Spring fever. Mad, bad and sad


Spring has sprung, the wattle and bottlebrush are in bloom and here’s a small nugget of optimism: Victoria is to ban all onshore unconventional gas exploration, including fracking and coal seam gas, after a parliamentary inquiry received more than 1,600 submissions, mostly opposed. The Greens called it a win over powerful and influential mining companies, and an adviser at the Australia Institute, Mark Ogge, said the ban was “sound economic and energy policy”, given that the economic benefits promised by the gas industry in Queensland had failed to materialise. Research found that for every 10 new gas jobs, 18 agricultural jobs were lost.

Another nugget: young people aged 18-34 agree that drinking too much is a problem. A recent survey showed more than 75% happy with a 1.30am closing time and 3am last drinks for pubs, and more than half wanting these “lockouts” actually extended. It is they, commented a young journalist, who’ve seen first-hand the violence and punch-ups. The issue is “alcohol mixed with Australia’s violent macho culture”. Not being able to buy a bottle of wine in the early hours of morning is “a small frustration”.

“While the law is a blunt tool… it’s the only tool available to us to stop the headlines of murdered teenagers and 20-somethings. And these headlines have stopped,” writes this sensible young woman. The first step to fixing a problem is accepting it exists. “As we can’t change our violent culture overnight, we need to put other restrictions on ourselves in the meantime.”

Damned if you do… When PM Malcolm Turnbull was snapped leaning over to give a homeless man a $5 bill recently, he was criticised on two fronts: the Mayor of Melbourne said he was encouraging begging and should give his money to buskers instead, while other eagle eyes noted he’d peeled the bill off a wad of cash. I felt for the perplexed Turnbull who didn’t say much except, “It was a human reaction… there but for the grace of God go I.”

Was it the mafia, was it drugs, was it poisoning, a religious cult perhaps? Some kind of coercion? Speculation ran wild, the nation was transfixed and newspapers created timelines and graphics for the Tromp family’s movements. Why did they – a mother, father, and three normal-looking adult kids – disappear from their berry farm at the end of August and turn up, separately, in various states of disarray?

They’d fled the farm near Melbourne in their station wagon, minus passports and with only one phone because they had, it seems, some kind of collective breakdown. The phone went out the window, they travelled 1,500km to New South Wales, the children left, one daughter was found cowering and catatonic in the back of a ute (bakkie), the parents were sighted in the Blue Mountains before disappearing, and then the mother was hospitalised with her daughter, and the father was found running, disoriented, away from the family car down a deserted road.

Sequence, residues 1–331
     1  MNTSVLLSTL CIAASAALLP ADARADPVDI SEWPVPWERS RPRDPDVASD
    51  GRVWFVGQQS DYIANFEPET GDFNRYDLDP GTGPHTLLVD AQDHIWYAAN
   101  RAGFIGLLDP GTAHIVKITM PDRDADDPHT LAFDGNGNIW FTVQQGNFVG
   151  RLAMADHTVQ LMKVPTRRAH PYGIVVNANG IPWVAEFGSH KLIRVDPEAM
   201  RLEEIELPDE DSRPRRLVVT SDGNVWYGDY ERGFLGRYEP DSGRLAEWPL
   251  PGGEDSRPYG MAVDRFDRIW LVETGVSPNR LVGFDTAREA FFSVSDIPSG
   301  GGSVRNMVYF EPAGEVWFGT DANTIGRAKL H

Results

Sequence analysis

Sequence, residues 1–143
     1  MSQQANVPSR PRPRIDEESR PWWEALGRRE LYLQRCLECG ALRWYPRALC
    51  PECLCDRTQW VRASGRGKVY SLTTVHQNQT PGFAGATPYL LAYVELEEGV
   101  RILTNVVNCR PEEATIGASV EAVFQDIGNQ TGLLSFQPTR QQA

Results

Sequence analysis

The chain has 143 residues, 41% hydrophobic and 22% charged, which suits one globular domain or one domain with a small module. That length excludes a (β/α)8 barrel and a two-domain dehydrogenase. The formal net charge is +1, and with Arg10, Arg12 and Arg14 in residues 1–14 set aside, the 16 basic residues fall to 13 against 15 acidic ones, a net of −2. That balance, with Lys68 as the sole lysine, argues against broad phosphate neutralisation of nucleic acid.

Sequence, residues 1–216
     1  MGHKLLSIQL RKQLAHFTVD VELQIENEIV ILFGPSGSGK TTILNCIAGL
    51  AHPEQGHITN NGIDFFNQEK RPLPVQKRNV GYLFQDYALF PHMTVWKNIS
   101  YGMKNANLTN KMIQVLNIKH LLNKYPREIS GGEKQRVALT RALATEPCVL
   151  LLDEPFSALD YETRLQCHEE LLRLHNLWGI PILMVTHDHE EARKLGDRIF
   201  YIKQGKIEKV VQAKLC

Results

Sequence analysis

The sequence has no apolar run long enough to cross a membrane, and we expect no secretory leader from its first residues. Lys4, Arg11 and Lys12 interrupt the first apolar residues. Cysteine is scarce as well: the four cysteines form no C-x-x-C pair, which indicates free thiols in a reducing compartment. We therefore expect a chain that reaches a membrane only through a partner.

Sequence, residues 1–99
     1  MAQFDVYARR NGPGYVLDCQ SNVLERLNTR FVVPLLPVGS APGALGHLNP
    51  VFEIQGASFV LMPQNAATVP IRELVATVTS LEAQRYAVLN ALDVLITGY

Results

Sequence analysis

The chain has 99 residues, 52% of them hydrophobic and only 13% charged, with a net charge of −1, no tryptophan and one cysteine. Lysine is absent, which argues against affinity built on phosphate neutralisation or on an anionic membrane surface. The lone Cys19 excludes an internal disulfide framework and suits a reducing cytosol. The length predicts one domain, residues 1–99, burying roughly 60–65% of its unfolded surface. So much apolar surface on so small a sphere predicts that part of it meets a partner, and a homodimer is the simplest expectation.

Mark Tromp

“It became clear,” opined one newspaper “that some great misfortune had befallen the family, in terms of their mental health.” No more, no less, that’s it; they haven’t sold their story and they won’t.

“I can see everyone’s questions,” son Mitchell told the press. “I can see why they want to know, but it’s a family matter.” Father Mark Tromp said he hoped his family would makes sense of the matter soon and apologised for the “hurt and concern” caused.

A four-year-old Sydney pre-schooler, about to enter kindergarten, has begun “transitioning” gender, while in Melbourne’s Royal Children’s Hospital some as young as three are being assisted by the gender dysphoria unit.  Transgender advocates argue that children are generally right about their need to switch genders, while others say that the age of four is way too early for a child to change gender. 

Getting back to straightforward bad news, with which we journalists are most comfortable: Police and terrorism experts have told Australians not to be concerned about “Islamic State propaganda” after a new online magazine, Rumiyah, exhorted readers to “Kill them on the streets of Brunswick, Broadmeadows, Bankstown and Bondi…  Kill them at the MCG, the SCG, the Opera House and even in their backyards… Stab them, shoot them, poison them and run them down with your vehicles. Kill them wherever you find them until the hollowness of their arrogance is filled with terror and they find themselves on their knees with their backs broken under the weight of regret for having waged a war against the believers…”

Victoria’s police commissioner Graham Ashton urged the public not to be alarmed or fearful of lone-wolf attacks and pointed out that much of the material had previously been published in Arabic.

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